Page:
One of the most popular scientific theories backing the appearance of the Min Min Light is that of the Fata Morgana, hypothesized by Professor Jack Pettigrew, Emeritus Professor of Physiology and Director of the Vision, Touch and Hearing Research Centre at the University of Queensland.

Professor Pettigrew has had multiple encounters with these lights, which he had initially thought to be the planet Venus, or a cat’s glowing eyes, but then carried out extensive research and narrowed it down to a kind of mirage caused by temperature inversions when a layer of dense cold air is trapped under a layer of warm air. He called this optical phenomenon the Fata Morgana and explained that in such situations the light passing through the layers of air undergo steep refraction, making it seem as though the image is floating above the horizon or in front of the person. The Boulia region is especially conducive to this optical illusion because of the gullies and flat surfaces which can effectively trap the cool air.

The Professor backs his theory with an experiment where he recreated the appearance of the Min Min Light: while driving a car for 10kms in the requisite weather conditions with the headlights on, 6 witnesses believed they saw the phantom lights. Well-known Australian scientists such as Dr. Karl Kruszelnicki have vouched for Professor Pettigrew’s research.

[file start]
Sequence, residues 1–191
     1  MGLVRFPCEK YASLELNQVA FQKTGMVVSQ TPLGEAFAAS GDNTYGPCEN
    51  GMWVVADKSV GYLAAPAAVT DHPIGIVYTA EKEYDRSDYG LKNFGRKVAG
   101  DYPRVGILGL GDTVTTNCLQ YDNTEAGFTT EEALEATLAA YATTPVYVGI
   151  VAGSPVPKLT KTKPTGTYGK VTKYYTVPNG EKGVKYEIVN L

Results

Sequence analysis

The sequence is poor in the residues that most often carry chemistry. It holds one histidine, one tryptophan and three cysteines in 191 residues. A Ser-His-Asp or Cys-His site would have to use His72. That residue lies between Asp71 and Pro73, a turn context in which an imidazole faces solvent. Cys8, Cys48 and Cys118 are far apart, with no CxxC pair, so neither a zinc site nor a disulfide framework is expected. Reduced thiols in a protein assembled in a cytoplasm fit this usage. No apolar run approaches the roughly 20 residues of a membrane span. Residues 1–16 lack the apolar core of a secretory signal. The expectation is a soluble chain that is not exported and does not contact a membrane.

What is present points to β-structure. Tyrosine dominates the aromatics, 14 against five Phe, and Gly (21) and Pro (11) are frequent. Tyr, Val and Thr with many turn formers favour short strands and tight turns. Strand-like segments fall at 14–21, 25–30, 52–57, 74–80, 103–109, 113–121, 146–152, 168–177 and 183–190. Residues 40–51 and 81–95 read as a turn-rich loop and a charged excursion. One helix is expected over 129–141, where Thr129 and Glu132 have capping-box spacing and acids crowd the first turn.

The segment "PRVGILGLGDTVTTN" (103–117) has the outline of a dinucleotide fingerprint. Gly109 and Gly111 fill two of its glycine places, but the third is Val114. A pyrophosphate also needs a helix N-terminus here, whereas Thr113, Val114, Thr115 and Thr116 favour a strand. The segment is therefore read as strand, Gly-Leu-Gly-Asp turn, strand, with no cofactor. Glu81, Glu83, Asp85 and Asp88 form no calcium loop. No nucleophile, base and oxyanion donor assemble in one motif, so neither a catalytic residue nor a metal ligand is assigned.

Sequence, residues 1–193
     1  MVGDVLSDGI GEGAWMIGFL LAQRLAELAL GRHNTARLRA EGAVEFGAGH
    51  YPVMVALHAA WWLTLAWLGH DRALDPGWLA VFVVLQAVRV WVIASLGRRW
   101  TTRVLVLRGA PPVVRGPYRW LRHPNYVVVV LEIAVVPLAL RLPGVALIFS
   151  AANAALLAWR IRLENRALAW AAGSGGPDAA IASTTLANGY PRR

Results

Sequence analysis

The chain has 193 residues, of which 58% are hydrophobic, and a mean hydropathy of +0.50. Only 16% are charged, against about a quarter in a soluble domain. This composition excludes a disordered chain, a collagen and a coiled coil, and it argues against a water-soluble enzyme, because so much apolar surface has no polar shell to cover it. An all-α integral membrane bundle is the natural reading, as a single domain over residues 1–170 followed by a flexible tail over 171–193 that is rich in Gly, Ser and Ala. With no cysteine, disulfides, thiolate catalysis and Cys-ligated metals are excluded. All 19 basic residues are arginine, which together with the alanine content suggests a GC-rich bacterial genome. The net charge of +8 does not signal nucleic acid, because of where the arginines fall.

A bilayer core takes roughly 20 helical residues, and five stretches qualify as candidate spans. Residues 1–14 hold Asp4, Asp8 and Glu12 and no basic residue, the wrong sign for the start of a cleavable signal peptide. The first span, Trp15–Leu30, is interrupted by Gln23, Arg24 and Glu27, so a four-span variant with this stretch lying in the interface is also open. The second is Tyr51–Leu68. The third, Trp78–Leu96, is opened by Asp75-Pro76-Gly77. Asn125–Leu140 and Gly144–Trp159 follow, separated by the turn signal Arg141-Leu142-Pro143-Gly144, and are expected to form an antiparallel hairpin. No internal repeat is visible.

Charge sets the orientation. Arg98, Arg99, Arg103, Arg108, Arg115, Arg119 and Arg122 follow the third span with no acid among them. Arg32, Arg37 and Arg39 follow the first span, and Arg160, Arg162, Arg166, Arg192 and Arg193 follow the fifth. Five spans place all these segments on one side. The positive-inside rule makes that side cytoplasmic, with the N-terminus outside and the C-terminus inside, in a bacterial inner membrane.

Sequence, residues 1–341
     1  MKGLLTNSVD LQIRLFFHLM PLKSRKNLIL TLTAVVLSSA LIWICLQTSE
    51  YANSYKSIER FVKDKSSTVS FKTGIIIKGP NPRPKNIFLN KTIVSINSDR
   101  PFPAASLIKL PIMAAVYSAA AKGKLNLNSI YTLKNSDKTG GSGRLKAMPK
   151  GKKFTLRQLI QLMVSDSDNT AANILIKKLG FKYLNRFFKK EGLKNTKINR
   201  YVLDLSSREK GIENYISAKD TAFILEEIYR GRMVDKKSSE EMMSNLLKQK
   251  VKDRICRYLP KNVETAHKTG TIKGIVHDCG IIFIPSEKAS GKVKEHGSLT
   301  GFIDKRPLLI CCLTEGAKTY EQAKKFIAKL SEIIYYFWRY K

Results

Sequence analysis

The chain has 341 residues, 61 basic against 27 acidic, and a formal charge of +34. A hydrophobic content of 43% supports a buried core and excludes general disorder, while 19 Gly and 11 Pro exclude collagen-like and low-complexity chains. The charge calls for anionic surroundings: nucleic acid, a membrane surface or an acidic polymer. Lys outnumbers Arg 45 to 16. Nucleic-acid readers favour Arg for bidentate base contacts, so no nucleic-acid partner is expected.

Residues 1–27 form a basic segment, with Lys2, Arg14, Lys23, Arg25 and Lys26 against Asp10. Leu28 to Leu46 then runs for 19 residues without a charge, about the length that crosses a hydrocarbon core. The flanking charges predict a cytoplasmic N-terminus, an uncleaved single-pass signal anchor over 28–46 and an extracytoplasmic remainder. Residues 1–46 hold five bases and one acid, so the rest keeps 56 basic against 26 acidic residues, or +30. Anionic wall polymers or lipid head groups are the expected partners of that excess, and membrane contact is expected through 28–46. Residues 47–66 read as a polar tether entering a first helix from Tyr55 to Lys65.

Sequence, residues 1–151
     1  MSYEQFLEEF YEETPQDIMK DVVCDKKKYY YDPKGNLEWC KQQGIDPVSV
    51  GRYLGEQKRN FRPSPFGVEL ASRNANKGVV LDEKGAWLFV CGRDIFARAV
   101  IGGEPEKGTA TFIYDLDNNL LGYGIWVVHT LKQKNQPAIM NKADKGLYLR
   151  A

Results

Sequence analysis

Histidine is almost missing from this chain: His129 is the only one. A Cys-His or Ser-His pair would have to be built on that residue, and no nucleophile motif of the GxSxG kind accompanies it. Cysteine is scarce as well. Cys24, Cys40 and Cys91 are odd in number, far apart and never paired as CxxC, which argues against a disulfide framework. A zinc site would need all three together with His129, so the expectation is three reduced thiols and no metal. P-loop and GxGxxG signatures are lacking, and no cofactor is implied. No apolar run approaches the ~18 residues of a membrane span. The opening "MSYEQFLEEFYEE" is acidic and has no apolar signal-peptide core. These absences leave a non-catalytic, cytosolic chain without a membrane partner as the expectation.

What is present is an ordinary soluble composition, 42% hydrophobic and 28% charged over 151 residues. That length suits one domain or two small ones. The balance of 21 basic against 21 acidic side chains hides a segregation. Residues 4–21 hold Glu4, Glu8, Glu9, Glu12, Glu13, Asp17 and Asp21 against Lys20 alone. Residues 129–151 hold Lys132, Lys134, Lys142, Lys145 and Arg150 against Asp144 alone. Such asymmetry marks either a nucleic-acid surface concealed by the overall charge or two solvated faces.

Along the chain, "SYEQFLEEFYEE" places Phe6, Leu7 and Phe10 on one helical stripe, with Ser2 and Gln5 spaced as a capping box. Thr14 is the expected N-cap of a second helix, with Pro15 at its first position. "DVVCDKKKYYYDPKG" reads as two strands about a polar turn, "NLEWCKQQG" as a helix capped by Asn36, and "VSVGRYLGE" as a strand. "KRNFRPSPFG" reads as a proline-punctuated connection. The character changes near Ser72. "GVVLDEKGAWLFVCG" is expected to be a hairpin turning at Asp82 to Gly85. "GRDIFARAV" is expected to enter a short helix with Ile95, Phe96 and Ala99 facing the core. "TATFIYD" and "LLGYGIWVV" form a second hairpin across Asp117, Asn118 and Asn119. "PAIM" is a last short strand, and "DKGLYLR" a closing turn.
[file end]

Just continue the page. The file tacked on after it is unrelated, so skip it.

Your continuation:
The cultural impact of Min Min Light

Though the mystery of the Min Min Light of Boulia seems to be apparently resolved, it will continue to be passed down the generations. Whether it is parents frightening their children with this Bogeyman-like legend, or a reminder of the rich oral traditions of the Aborigines, the Min Min Light have undoubtedly taken on a cultural importance in Australia, featuring in books like those of Mavis Thorpe Clarke’s “The Min Min” (1967) and “Trust the Dream” (2004), and in popular Australian television series like “McLeod’s Daughters” and “Wolf Creek”.

Enjoyed this article? Also, check out “The Classic Whodunit Mystery of the Marree Man of Outback Australia“.

Fact Analysis: